Goodreads (You can find my profile here). I'm new to Goodreads and I'm still not quite sure how everything works, but the contest is scheduled to begin sometime today and proceed through June 5, at which time the Goodreads system will automatically choose five lucky winners. I'll sign the books and send them off, hopefully attracting a few new readers in the process.
I've been told that Goodreads is a great resource for writers. The site is something like a giant reading group, where you can find other readers with similar interests and discuss books you've read. They have millions of members, so the potential is obviously huge.
I still have a hard time getting around the site and I need to spend some time there, but I did notice a few interesting things. As I was researching this contest, I found that there are a few authors 'gaming' the system at Goodreads by putting up contests like this and running them for a solid year. Naturally, there are a lot of readers who join every contest they come across, because who doesn't love a free book? Well, eventually these books accumulate thousands of contestants. Due to this, the Goodreads system puts these books in a special place for 'popular' contests, with the assumption being that if a contest has thousands of entrants, it must be a very popular book. Hmm.
Well, while I suppose this is clever on the part of those authors at a certain level, it does seem to say something about them. In fact, I found a number of comments below these contests complaining about the authors and their manipulations. Ironically, the situation reminds me a lot of the law (which I studied briefly when I was considering law school). Big corporations, politicians, and lawyers make an art of discerning the difference between what's wrong and what's legal. For example, it's wrong to take the hard-earned money of thousands of investors and throw it down the toilet with lousy and risky investment strategies, thereby bankrupting them and devastating the economy. However, it's apparently not illegal.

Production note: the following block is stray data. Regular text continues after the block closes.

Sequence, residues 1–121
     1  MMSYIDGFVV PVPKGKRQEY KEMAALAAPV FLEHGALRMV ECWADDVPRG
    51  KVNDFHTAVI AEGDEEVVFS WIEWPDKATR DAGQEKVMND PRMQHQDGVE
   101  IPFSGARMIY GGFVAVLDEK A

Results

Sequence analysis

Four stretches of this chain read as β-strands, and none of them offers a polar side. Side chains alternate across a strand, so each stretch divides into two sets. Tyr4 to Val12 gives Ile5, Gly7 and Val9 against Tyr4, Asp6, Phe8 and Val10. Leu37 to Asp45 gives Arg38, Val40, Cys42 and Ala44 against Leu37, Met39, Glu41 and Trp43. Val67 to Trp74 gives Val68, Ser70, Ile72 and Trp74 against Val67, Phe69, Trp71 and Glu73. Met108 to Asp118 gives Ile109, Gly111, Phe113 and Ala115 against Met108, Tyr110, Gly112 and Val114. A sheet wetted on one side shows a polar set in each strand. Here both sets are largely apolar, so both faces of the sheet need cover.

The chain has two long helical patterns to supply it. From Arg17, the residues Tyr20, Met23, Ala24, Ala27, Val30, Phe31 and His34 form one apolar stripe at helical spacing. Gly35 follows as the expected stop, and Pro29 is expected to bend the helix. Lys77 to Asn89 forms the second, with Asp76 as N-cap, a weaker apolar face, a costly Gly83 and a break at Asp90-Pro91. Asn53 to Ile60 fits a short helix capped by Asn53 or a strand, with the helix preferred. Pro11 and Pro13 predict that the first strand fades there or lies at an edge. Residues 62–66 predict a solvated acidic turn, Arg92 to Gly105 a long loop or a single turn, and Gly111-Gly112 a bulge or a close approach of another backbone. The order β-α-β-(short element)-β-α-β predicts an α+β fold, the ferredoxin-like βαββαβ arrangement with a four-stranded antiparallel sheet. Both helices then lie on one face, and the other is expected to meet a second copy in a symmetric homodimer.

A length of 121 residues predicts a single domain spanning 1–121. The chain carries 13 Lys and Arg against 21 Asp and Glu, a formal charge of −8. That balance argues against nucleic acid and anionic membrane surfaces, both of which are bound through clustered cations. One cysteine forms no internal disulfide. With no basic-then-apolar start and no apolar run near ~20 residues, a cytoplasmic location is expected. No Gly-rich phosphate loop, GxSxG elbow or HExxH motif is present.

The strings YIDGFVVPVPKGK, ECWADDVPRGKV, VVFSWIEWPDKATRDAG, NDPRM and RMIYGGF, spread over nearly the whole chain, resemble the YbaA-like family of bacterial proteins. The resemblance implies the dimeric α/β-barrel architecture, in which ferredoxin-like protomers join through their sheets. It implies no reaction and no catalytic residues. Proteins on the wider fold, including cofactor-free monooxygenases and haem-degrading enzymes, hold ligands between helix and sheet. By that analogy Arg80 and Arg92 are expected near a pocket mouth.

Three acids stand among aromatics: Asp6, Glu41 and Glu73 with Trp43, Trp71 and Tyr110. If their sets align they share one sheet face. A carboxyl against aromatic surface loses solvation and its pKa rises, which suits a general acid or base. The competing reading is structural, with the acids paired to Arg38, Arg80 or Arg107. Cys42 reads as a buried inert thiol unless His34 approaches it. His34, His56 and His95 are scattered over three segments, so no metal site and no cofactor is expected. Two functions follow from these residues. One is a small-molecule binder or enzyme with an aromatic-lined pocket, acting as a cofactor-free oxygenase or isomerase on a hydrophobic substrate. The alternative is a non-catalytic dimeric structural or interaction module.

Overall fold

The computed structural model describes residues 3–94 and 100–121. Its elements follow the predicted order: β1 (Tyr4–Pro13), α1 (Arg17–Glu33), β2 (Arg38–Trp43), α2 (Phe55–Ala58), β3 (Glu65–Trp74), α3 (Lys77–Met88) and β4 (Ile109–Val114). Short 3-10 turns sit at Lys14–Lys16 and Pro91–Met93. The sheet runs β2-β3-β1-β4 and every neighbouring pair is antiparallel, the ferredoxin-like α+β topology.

Back to the subject. I chose a period of about two weeks for my contest. While it might be nice to have a picture of Tinkerer up there for a solid year as an advertisement, I don't see doing it like this. And while I may lose some sales by adhering to the archaic guidelines of ethics and morality, at least I won't be remembered like a Wall Street banker.